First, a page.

Willem Marx in Prospect, via Oneworld:
The Toyota pick-up truck roared through the green gates into the dusty walled compound and juddered to a halt inches from a small well. Eight figures, their faces swathed in cloth, stood up stiffly from their crouched positions before clambering down. They lifted their weapons gingerly from the floor where they had lain concealed. I counted five semi-automatics, a light machine gun and a green rocket-propelled grenade launcher before the vehicle’s driver slammed his door. Iran’s most wanted terrorist walked towards me with his hand extended, a dazzlingly white smile beneath a Pashtun hat.
But 24-year-old Abdulmalik Rigi is not Pashtun, he’s Baloch—an ethnic minority that straddles an area across southeast Iran, southwest Pakistan and south Afghanistan. In February, the Iranian city of Zahedan was hit by a bomb—for which Rigi claimed responsibility—that killed 11 Revolutionary Guards, and placed Rigi at the top of Tehran’s hitlist. A series of American media reports had linked Rigi’s guerrilla attacks to a wider US-sponsored covert war against Iran. Rigi had agreed to meet me, a western journalist, to publicly refute these allegations, which he says have been levelled against his group by the mullahs of Iran.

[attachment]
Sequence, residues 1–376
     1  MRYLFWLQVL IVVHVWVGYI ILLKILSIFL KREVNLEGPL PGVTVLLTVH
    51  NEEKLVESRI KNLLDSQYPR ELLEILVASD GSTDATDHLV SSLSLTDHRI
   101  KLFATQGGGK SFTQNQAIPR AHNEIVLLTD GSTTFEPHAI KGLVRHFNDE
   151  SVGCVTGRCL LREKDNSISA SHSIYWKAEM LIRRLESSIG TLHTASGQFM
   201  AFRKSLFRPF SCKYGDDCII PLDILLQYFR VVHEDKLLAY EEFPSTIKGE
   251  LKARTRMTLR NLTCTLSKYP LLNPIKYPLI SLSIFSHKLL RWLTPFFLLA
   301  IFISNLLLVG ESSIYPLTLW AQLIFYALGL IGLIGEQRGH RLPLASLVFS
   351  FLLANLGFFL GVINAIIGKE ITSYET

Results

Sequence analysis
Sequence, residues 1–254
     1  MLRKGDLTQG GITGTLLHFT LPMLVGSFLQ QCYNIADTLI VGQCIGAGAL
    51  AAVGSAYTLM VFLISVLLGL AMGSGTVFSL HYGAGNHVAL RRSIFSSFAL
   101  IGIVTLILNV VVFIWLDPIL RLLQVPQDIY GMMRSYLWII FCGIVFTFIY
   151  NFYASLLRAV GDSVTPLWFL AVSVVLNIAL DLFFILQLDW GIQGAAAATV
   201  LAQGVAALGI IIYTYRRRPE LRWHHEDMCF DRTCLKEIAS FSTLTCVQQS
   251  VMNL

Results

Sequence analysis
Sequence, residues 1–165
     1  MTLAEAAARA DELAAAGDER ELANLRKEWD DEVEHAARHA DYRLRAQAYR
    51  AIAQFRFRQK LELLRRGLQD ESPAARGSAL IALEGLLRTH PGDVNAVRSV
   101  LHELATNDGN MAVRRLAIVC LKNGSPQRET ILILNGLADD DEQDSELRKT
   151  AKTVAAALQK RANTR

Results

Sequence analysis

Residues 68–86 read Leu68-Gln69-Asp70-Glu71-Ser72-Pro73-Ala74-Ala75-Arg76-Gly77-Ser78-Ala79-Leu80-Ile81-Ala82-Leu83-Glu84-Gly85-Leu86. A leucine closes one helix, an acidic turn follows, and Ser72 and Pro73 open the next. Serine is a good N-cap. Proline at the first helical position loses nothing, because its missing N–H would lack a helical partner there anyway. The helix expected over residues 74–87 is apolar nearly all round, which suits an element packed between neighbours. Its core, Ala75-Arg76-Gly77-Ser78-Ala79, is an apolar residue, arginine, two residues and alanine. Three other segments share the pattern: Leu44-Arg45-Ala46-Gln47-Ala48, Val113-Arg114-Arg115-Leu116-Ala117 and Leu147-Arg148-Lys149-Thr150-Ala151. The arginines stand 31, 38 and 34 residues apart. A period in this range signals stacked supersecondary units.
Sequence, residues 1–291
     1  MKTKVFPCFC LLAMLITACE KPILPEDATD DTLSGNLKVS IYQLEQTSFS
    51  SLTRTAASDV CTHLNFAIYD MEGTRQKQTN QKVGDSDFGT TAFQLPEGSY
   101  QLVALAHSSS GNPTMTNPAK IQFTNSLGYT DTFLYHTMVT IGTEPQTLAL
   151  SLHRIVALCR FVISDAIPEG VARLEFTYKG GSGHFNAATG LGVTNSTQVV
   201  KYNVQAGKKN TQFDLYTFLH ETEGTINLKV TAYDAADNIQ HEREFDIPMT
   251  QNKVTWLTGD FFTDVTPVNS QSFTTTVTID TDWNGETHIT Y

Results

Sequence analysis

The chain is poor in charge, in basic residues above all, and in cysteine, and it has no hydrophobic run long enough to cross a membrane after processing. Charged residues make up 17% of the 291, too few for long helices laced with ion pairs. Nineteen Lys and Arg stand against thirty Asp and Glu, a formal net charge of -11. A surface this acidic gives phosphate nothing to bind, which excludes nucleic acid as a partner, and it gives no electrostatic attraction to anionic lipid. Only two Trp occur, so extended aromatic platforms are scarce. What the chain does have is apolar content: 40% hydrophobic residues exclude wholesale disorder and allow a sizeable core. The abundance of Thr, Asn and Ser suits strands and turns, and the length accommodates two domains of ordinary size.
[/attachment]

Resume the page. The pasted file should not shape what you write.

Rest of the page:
Balochistan is a vast expanse of territory separating the middle east from the Indian subcontinent (see below—the Baloch region is coloured pink). The Baloch people are ethnically heterogeneous but united by their language and culture, and their Sunni Islam faith. In the late 19th century, the highly tribal Baloch homeland was carved up by British India, Afghanistan and Persia, and the Baloch have thus never enjoyed a modern sovereign state. Nevertheless, the difficult terrain kept the Baloch relatively isolated, allowing them to preserve a centuries-old cultural heritage, and in both Iran and Pakistan they have offered armed resistance to central government control since the early 20th century.